Our trip to the torture chamber, Torture canceled

by the ePC editor

The other day the call came up for patriots to back up one of our own in the a hearing in Greenville, SC. Patriot "B" was being rudely harassed by the Department of Revenue (DOR) -- South Carolina's equivalent of the IRS -- for "income tax" payments they had failed to justify. They wanted to see him and on the big day found he had three friends on his side: Patriot "M," Dr. Clarkson, and yours truly. Here's how it happened, the best I can remember it.

The first and only time I'd been to the DOR's Orwellian-looking headquarters I was admittedly stunned with the Orwellian behavior of the tax mavens. They were cold and hard in barring witnesses from the meeting and only took about thirty seconds to get the police on the scene. (You must understand that our friend the "American Gandhi", Gene Chapman, was present!) The Supervisor, David Mays, acted like he was auditioning for a Nazi role in a World War II picture. This time he was present again, as was the admittedly lovely and mellow agent on the case, Susie, plus a touchy SLED agent named Lollis. But things went quite differently this time.

We walked through the door and a secretary asked us to have a seat. We did so -- just walked right into the meeting room. Presently another functionary stuck her head in the door and said "we need you to wait in the waiting area out front." One of us quickly and politely said "We prefer to wait in here, thanks" -- and the lady walked on.

Audacity, audacity audacity, always audacity -- this was the motto of General George Patton. When will we learn that it really brings results? The three DORites came on in after awhile and casually got the meeting rolling. They asked us what each of Patriot B's seconds were doing there. I truthfully said I was there to stand in for the wife of Patriot B.

Agent Lollis' first order of business was to attempt to order Dr. Clarkson off the scene. Our hero took charge and shouted right back that he had a right to stay and was going to. "I'm a citizen -- you're a public servant. I'm your boss, not the other way around," he thundered, leaving the uniformed one looking like somebody had licked the red off his candy.

The agents had one wish, and that was (officially) further documentation as to why "B" didn't owe them "taxes" on his earnings for 1991. They had some information on how much money he had made and who had paid it, but the sketchiness of this became "B"'s defense -- successfully, in my view.

The dialog basically seesawed between the agents' insistence that "B" either pay or refute their claims, and his insistence that they substantiate the latter. In order to cooperate, "B" said, he first needed to see copies of the statements his alleged employers had provided the DOR. They maintained that this was all accounted for by a bunch of numbers on the bottom of some form they had issued to "B". When it became apparent DOR wasn't going to come across, "B" informed them that he wouldn't owe any money anyway because of major deductions he had on account of family and business expenses. Almost desperate to win it, they allowed to give examples, which he did.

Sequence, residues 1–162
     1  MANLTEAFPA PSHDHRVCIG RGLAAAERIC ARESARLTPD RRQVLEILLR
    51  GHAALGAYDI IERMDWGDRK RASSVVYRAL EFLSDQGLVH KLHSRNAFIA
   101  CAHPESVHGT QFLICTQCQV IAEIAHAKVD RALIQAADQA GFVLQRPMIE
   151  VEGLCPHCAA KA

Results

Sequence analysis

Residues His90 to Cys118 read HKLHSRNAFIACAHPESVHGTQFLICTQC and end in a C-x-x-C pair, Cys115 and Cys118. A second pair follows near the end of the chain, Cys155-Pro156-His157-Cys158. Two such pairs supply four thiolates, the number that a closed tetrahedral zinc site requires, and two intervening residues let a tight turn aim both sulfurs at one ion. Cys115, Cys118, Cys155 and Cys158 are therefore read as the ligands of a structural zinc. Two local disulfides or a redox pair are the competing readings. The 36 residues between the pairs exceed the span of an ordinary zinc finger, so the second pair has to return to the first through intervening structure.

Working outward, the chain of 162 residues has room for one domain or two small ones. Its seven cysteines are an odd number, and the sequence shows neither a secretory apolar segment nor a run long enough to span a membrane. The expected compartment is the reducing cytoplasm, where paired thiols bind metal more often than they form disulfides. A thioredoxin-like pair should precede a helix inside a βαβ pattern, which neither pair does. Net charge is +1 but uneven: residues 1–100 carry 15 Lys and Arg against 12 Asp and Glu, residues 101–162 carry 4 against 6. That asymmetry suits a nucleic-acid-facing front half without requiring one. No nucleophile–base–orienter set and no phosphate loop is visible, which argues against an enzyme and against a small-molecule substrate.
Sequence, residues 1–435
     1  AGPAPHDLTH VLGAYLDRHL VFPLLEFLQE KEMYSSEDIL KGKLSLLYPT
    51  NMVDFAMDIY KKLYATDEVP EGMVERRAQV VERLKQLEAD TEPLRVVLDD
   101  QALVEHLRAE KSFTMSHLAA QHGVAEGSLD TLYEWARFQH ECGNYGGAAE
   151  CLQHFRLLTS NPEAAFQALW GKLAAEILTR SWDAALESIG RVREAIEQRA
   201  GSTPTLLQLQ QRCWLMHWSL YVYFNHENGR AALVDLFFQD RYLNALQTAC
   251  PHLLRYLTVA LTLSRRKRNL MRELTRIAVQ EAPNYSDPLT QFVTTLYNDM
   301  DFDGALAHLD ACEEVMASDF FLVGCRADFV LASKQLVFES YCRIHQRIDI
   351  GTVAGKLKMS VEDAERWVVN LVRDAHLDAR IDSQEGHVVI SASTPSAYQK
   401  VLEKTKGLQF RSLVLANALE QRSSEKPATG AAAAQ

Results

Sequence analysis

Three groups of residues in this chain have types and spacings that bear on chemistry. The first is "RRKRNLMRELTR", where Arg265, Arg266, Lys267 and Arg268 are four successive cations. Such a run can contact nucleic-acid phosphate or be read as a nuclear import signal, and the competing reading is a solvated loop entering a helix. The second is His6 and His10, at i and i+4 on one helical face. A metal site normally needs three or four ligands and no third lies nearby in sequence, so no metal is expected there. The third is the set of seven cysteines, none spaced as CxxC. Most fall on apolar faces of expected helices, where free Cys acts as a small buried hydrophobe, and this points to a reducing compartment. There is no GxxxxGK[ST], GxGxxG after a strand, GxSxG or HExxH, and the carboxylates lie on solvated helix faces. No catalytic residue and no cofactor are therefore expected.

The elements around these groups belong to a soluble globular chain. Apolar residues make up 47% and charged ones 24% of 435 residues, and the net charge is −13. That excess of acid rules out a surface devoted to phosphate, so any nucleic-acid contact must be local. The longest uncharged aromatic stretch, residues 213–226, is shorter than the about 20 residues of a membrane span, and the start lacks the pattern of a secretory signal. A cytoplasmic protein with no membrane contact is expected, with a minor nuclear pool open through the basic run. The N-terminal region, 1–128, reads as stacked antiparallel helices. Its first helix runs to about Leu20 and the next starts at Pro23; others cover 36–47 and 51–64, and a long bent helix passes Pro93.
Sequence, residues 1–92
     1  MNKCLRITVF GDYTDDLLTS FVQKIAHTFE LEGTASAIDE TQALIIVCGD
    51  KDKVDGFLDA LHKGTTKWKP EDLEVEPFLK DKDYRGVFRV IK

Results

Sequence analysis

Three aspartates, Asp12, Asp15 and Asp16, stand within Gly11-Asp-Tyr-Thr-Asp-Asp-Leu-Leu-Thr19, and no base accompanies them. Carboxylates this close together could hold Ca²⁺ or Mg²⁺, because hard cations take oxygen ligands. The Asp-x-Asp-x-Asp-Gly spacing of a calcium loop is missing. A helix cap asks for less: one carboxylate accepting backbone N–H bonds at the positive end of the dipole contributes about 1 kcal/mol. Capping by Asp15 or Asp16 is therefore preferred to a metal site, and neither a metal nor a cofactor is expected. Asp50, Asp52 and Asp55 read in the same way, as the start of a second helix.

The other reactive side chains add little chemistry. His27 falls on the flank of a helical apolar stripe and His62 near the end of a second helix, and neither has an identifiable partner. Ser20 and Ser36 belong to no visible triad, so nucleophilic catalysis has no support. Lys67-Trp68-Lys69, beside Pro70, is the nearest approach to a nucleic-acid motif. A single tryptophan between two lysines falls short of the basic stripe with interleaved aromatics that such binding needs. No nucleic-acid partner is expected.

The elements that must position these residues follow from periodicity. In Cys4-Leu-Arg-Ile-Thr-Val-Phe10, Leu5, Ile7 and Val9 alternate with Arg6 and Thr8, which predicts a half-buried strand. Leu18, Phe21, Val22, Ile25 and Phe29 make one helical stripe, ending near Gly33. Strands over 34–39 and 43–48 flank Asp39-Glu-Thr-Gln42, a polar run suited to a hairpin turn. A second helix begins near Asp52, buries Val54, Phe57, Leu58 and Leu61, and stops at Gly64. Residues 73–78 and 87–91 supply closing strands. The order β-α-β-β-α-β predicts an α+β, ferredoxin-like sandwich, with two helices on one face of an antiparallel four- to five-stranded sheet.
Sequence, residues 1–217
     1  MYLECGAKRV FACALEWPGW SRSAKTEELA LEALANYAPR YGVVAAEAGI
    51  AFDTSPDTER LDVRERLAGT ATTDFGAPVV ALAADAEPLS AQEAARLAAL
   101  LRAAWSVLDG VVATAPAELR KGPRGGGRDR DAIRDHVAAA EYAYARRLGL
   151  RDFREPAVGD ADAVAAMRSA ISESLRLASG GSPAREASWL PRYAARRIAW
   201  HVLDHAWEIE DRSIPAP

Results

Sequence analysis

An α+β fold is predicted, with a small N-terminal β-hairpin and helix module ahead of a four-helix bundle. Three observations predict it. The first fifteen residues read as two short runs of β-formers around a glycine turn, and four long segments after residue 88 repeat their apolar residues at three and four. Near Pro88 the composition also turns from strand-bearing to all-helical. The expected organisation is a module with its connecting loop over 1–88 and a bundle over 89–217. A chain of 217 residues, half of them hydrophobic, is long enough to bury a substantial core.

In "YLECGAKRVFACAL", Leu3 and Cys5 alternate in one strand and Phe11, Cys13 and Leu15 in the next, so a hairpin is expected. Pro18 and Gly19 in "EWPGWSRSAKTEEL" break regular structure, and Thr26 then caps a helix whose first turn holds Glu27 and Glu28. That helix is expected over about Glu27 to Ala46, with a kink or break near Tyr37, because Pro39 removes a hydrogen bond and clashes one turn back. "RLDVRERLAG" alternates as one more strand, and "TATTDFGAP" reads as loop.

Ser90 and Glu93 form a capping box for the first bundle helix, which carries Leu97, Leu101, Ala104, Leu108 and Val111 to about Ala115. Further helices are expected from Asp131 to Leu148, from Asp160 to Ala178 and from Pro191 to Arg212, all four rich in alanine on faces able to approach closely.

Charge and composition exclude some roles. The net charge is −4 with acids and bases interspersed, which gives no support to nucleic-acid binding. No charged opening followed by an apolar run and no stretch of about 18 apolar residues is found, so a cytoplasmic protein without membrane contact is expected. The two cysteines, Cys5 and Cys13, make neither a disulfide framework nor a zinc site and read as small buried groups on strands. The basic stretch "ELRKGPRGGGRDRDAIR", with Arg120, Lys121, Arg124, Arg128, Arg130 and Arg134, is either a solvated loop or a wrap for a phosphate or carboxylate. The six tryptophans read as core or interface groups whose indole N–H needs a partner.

They said up front -- inconsiderately and wrongfully, in my view -- that there wouldn't be deductions for any children without having their "Social Security" numbers. Can you imagine? What do they think our precious children are, anyway -- cattle ? Yet again cleaving to the first rule of any kind of legal defense -- stick to the main point -- "B" again reminded them that he felt entitled to the further documentation he'd asked for before offering any himself.

This happened so many times in the course of the meeting, in fact, that I had to chime in and ask the agents whether they thought they weren't operating by egregious double standards, constantly demanding that others give more than they do themselves. They had no answer -- how could they? Any rules and regulations that may exist speciously allowing them to walk all over people are void ab initio.

Through all of this, Dr. Clarkson was the master strategist and parliamentarian that chaotic messes like "income tax" conferences sorely need. They don't want him practicing law, per se, but it was he who obviously and by far had the superior knowledge of law and DOR policy . I don't even know whether he was bluffing some of the time -- but what he said worked! It was so patently fair and even-handed the agents probably felt at a loss to challenge it. He radiated confidence and authority -- slouching there merrily in his most casual throw-on clothes!

The discussion lurched on for what must have been about 90 minutes. Finally one side -- unfortunately ours -- made a positive statement that offered the other an escape hatch. "B" said he wasn't going to give them any info. Director Mays snapped that the meeting was therefore over, but I seriously doubt he's going to find it any easier to rein in "B" and his nonexistent wealth as a result.

The agents seemed variously baffled and uptight in the presence of informed citizens who don't act like doormats. Lollis, supposedly the real bruiser in the group, shrank back behind the other two when I aimed my camera at them. It was reminiscent of the time in tax court in Columbia when prosecuting/persecuting lawyer J. Craig Young cried to the judge that the camera should  be banned because "our pictures are going to appear on Clarkson's website tonight!" After the conference Lollis told us to clear out, and when we weren't quite fast enough for him he barked that we'd have to hurry or be arrested for trespassing.